Addictive game

August 17, 2007 at 9:48 pm | Posted in Uncategorized | 14 Comments

This game is really cool! Thanks, Jenny!


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  1. I’m going to get you for that. I just stayed at work an extra hour playing that game before I realized the time!

  2. LOL! Isn’t it great? Have you finished all the levels yet? I like the fact that it gives you a code so you can come back later. I plan on waiting a few more months until I’ve forgotten the solutions, then playing them again.

  3. Not yet. I’m up to stage 30, but I haven’t spent a lot of time over the weekend.

  4. OK. Now I’m done. Didn’t realize there were only 33 levels.

    If this was expanded to, say, 100 levels, I’d pay $20 to buy a CD with this game on it. I figure with that many levels, I’ll get tired of it before reaching the end, which is, IMO, the right size for any kind of puzzle game.

    BTW, if you’re interested in more puzzle-type games, I’ve been finding these very addictive:

    They’re programs to download, not on-line games, but they’re available for Windows, Mac OS, Linux and Palm OS, which covers most of the popular platforms.

  5. On the one hand, 33 levels isn’t a lot. But on the other hand, I appreciate not being able to indulge in such a seductive time-suck for TOO long.

    Speaking of seductive time-sucks, I miss Lemmings.


    OK. I did the first 32 levels, but level 33 is killing me. Just tell me this. Is there a safe path that I’m missing or do I have to think more “outside the box” like to find a way to reopen the closed bridge or keep it from closing. I’m going nuts here.

  7. I don’t know. It’s been a month; I don’t remember.

    There were a few levels that made me scream, but I forget which ones they were.

    I love forgetting how to solve puzzles like this! After about 6 months, it’s like getting new cool challenging puzzles again!

  8. But it did HAVE a solution right? It’s not like Ha Ha Ha, last level will keep them busy forever because it’s unsolvable. I don’t mind banging my head against the wall, just as long as there is a door somewhere.

    In the mean time, maybe Dave will log on and remember if there is a safe path or if it takes some “trick” to reopen the bridge.

  9. I DID IT!!!

    Whew. That’s a releif. It was a path, not a trick, BTW.

  10. Excellent. Now nothing can stop us.

    Does that happen to you, too? When you don’t look at or think about a puzzle that was challenging, you can go back to it a long time later and still be challenged by having to figure it out all over again?

    For me, the puzzle has to be challenging enough, but I guess it also depends on how novel (memorable) the solution was. I have this wrought iron tavern puzzle that’s like that. Six months go by, and the stupid thing is frickin hard all over again!

  11. Absolutly. Most of the time, I try to forget puzzle solutions so I can do them again. A good puzzle is a precious thing.

    Of course, I also went back and re-read all 30+ of my father’s Nero wolfe books 10 years after reading them the first time becasue by then I had forgotten most of the killer’s identities and even more of the plot twists and witty banter. Heck I like reading those books even when I know who did it. The dialogue between Archie and Nero are just so much fun. Hey… It’s been almost 10 years again…

  12. Nero wolfe, eh? Never ‘eard of ‘im. What’s ‘e, a space pirate or somethin’? Nero wolfe izza good pirate name, ‘e is. Arr!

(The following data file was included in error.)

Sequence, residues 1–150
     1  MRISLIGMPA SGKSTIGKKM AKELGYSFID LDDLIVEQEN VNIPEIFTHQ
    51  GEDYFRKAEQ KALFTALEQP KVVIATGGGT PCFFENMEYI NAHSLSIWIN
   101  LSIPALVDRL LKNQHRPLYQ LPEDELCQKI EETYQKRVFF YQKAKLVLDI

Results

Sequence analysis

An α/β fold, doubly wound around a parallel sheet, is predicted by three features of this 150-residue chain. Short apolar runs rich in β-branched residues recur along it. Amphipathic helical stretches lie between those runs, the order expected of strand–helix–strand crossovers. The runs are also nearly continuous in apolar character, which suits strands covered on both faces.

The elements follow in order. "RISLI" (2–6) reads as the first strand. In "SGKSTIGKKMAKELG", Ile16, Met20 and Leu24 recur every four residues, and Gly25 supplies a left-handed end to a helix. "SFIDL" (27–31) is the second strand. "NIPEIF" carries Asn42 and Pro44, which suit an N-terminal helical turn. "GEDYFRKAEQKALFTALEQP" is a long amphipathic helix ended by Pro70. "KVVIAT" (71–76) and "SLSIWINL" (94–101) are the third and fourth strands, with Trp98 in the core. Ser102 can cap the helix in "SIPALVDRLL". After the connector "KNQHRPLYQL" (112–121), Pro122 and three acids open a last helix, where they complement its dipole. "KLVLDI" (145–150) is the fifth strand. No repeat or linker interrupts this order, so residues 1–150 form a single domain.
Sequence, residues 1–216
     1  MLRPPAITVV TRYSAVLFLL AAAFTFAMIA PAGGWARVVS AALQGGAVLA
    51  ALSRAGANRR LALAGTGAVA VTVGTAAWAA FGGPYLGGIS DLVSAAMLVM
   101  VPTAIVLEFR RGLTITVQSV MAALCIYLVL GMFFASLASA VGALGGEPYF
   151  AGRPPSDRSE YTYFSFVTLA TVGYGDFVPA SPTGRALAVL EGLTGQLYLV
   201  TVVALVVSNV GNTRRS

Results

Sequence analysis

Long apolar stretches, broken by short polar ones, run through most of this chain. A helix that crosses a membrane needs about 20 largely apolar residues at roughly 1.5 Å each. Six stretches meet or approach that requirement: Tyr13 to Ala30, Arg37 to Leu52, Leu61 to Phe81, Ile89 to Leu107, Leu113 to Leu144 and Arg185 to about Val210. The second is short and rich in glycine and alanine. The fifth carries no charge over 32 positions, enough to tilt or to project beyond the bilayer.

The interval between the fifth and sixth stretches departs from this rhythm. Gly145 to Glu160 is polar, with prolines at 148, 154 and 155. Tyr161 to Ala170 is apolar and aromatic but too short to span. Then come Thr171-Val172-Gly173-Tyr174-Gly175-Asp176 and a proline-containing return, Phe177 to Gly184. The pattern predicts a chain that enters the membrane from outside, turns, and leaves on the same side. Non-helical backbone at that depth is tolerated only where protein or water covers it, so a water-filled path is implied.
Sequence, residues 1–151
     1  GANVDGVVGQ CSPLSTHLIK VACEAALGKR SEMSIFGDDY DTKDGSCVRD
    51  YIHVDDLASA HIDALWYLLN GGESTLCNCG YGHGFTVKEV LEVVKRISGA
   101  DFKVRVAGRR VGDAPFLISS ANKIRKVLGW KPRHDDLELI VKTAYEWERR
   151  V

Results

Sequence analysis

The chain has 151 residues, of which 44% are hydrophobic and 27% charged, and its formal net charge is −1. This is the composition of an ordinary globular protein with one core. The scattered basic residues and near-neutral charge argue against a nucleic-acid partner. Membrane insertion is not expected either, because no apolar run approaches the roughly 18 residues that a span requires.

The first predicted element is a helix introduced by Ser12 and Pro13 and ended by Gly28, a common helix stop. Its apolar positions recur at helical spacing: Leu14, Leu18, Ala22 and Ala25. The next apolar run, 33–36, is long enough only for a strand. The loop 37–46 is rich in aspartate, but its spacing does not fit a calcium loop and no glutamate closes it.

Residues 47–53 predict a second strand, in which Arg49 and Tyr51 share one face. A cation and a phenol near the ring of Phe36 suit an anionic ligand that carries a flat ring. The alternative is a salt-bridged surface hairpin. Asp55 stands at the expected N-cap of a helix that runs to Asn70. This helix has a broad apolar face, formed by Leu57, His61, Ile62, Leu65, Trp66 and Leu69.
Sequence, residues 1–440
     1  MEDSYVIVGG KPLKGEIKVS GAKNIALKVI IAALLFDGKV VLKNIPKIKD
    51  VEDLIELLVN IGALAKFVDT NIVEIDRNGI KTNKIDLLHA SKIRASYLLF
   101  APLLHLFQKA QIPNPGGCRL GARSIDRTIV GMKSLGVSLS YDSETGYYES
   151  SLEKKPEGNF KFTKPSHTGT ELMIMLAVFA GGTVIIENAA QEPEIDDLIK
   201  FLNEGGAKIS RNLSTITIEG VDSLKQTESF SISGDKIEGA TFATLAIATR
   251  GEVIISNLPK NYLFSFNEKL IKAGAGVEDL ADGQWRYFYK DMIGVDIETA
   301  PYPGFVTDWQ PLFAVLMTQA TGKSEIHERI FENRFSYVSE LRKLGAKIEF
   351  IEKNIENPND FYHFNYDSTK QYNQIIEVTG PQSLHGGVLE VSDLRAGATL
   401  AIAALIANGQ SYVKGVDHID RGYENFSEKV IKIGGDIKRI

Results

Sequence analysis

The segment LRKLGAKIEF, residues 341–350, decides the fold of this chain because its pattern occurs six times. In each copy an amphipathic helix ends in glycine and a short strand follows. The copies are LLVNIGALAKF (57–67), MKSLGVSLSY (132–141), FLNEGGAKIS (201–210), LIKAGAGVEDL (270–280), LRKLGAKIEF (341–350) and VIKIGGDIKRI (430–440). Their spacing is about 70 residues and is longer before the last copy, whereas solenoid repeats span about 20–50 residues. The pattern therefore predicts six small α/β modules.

13. OK. Now I know I’m odd and all, ’cause I got some of my tastes from my Dad, who likes things from before he was born (Errol Flynn, for example). And I know I had to introduce you to people like Danny Kaye, but Nero Wolfe? Rex Stout’s Nero Wolfe? NEVER HEARD OF HIM???

    A few years back, one of the cable channels even made a season or so worth of 2-part shows of a bunch of his novels, so I figured you’d have heard of him.

    OK, here goes. If you like who-done-it type mystery novels, with a great sleuth to save the day and solve the case, then the Nero Wolfe books by Rex Stout are here to make your life happy. There must be 30 books or more. Some collections of short stories, most novels.

    The hero is a detective by the name of Nero Wolfe. And of course, he has a side kick, named Archie Goodwin, who writes the books. But Archie is no Dr. Watson. He may work for Wolfe, but Nero relies on him much more than he’d like to admit. No, Archie’s not the brains behind the curtain; he’s the motivation. You see, Nero HATES to solve crimes, although that’s what he is, a detective. He prefers to spend his time in is Brownstone (that’s a type of house) in NYC focused on his two passions, Ochids (which he grows in greenhouse on the roof), and food (where he is always teaming up with his chef to make some new delicacy). In fact, Nero almost never leaves his house. So although theorectically Archie’s job is to do legwork and take notes, in reality, his main job is to badger, cajole, and needle his boss into action.

    The best part is the banter between the two of them. And oh yeah, the mysteries are good too.

    OK, now you’re gonna say Errol Flynn who, right?

  14. I never was too into mysteries. There was one book with Alfred Hitchcock’s name on it. It had five mysteries, and it was (in retrospect) obviously desined to get kids into reading mysteries. Ever chapter or so, Sir Alfred Hitchcock would interject to say how curious something was or how strange someone was acting and how it seems as if we have a new suspect, and how was our protagonist going to make sense of all these (let’s review them) clues, and so on. There would be one final comment before the last chapter in which the perpetrator was revealed. I liked those, but mysteries in general never stuck. Perhaps I like the narrative more than the plot in general. I don’t know if that’s true. Hmm…

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